Frank O. Sotomayor, a pioneering Chicano journalist and a 1986 Nieman Fellow, supplied a fascinating online history he had published telling the story of the landmark 1983 series, “Latinos.” (A 2007 documentary, “Below the Fold: The Pulitzer That Defined Latino Journalism,” is well worth watching.) Sotomayor’s papers, housed at the University of Arizona and the University of Southern California, are priceless for students of journalism history.
Dean Takahashi, who was a young business reporter in 1992, rummaged through his house and came upon a box of documents from the aftermath of the Los Angeles riots. He generously scanned dozens of pages of memos and notes, placing the PDFs in a Dropbox and also sharing his own recollections.
Dean Baquet, who was at the Times from 2000 to 2006, first as managing editor and then as the top editor, told me that the fraught history of the past did not weigh on him when he joined. “Keep in mind that for people from Louisiana, Los Angeles was the promised land, the last stop on the railroad,” he told me. “Two generations of Baquets before me had moved there to escape the South.”
I also learned about so many pioneering journalists who have come before us.
Bob Richardson, whose career was cut short because the Times was too indifferent, callous, and short-sighted to make use of his talents.
Ruben Salazar, fatally struck by a tear-gas projectile fired by a Los Angeles County sheriff’s deputy, while covering the National Chicano Moratorium March against the Vietnam War in 1970.
Andrea Ford, a pioneering Black journalist who covered some of the biggest stories of her time — the Loma Prieta earthquake, the beating of Reginald O. Denny, the O. J. Simpson trial — and died far too young.
Jean Sharley Taylor, a daughter of English immigrants who reinvented features journalism, was the first woman to crack the upper echelons of the Times and mentored countless journalists.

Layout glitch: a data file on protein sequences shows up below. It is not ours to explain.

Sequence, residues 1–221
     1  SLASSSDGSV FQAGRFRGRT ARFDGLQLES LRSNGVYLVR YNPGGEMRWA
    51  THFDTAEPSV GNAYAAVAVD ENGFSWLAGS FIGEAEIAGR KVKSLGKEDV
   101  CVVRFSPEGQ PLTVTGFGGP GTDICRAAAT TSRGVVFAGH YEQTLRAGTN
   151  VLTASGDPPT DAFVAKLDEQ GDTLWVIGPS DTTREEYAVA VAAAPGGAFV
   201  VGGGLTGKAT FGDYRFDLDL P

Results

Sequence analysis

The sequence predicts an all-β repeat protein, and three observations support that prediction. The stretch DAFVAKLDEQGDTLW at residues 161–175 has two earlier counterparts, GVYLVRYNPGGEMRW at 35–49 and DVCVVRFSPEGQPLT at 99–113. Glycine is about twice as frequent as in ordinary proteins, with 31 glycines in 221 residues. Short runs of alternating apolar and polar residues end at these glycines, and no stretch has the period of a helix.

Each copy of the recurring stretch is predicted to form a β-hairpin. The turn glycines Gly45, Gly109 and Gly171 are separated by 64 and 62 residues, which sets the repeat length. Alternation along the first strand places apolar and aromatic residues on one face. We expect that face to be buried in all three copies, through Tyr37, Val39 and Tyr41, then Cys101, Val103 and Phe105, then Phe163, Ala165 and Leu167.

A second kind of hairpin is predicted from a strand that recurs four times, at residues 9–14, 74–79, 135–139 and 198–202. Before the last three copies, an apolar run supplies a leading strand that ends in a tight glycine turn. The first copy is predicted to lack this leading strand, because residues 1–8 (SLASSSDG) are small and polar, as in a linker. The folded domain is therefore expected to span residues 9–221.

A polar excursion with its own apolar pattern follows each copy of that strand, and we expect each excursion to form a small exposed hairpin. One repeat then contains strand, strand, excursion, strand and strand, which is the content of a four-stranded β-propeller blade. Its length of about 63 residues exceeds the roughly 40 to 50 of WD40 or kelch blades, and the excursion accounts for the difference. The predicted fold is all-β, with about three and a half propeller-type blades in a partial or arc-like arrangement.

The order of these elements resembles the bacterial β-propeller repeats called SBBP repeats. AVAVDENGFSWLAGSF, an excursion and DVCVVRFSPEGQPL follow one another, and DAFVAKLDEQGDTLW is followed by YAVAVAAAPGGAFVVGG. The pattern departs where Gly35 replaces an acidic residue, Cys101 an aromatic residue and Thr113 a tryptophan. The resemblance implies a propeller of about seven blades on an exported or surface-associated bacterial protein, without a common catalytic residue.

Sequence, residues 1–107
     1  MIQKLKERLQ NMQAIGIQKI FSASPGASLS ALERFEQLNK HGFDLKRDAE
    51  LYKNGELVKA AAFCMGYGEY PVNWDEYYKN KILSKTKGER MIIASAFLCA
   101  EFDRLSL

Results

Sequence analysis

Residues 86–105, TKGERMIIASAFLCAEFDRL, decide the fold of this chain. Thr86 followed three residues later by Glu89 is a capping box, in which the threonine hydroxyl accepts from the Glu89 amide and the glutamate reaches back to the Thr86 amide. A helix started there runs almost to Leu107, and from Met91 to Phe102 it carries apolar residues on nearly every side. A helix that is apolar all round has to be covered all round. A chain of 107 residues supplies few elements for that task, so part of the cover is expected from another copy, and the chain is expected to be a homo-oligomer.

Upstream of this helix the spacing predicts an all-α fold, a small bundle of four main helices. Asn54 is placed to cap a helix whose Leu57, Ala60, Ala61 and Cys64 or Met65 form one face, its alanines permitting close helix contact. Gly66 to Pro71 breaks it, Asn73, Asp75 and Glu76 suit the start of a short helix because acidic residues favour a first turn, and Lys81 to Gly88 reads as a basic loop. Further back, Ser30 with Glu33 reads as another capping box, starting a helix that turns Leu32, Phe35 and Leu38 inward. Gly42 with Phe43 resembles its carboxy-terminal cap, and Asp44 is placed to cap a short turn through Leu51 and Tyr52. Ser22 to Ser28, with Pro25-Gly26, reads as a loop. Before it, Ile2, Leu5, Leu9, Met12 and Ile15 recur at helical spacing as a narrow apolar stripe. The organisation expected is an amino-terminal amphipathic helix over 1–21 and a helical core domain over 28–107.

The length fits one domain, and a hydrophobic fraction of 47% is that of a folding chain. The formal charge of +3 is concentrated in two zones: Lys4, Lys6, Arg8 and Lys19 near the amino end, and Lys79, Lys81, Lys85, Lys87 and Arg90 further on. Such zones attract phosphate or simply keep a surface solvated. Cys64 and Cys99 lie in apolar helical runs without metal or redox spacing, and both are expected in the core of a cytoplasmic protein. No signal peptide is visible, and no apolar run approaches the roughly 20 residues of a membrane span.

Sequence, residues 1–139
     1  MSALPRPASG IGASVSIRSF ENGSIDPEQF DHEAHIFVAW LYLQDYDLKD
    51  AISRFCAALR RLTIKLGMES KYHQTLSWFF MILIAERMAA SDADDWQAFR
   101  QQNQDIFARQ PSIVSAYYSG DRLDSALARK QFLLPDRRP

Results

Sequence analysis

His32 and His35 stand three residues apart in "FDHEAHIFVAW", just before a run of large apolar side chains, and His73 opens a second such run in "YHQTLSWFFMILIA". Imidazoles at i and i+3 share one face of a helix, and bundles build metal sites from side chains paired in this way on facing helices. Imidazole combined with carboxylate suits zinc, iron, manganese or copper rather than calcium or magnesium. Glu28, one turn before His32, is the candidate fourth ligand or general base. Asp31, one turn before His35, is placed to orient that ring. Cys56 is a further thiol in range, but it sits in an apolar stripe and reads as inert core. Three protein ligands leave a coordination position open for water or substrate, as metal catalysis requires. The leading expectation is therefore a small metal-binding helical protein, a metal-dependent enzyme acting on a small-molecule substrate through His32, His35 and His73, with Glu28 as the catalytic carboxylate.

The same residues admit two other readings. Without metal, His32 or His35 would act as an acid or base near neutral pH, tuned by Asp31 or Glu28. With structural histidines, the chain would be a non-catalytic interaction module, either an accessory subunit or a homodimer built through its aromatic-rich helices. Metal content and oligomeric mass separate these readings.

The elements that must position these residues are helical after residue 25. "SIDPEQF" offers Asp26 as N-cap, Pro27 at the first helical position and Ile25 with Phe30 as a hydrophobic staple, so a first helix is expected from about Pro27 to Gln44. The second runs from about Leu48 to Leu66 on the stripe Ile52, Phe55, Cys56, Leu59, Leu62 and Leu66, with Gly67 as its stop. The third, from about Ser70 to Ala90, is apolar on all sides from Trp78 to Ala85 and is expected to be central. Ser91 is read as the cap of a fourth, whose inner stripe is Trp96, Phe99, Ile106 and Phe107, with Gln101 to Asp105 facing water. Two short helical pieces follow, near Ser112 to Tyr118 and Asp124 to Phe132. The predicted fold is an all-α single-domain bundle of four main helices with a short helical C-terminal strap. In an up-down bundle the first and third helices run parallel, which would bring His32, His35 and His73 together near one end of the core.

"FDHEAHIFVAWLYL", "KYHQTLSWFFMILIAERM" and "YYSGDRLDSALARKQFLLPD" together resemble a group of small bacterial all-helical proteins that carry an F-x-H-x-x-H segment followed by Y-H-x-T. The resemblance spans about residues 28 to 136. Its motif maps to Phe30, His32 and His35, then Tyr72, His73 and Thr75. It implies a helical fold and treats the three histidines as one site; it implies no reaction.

K. Connie Kang, the first Korean-speaking reporter at the Times, who was hired after the 1992 uprising and inspired a generation of Asian-American journalists. She died last August, of pancreatic cancer.
Our editorial, in 3,300 words, attempted to chronicle a long history: the rooting of the Times in white supremacy; the Otis-Chandler family’s use of the paper to advance their economic interests; deplorable injustices, such as supporting the wartime incarceration of Japanese Americans. What’s more, some of the shameful episodes were from the recent past: a 1981 series that described Black and Latino criminals as marauders and predators, and a 1994 endorsement for the anti-immigrant re-election campaign of Gov. Pete Wilson.
The editorial was only part of this project.
One of my colleagues, the entertainment reporter Greg Braxton, wrote a bracing reflection about his experiences as a young Black reporter sent to cover the 1992 riots, as I started working on the editorial.
Executive editor Norman Pearlstine, who recently announced he will be stepping down, grasped the parallels between our efforts, and asked our Op-Ed editor, Sue Horton, to edit the articles as part of a project, which grew to include essays by Gustavo Arellano, Sandy Banks, Patt Morrison. and Teresa Watanabe.
“Our reckoning with racism” was published on Sept. 27. In print, the editorial accompanied a powerful letter to readers by Dr. Patrick Soon-Shiong, the first person of color to own the Times, in a four-page special section that Sunday.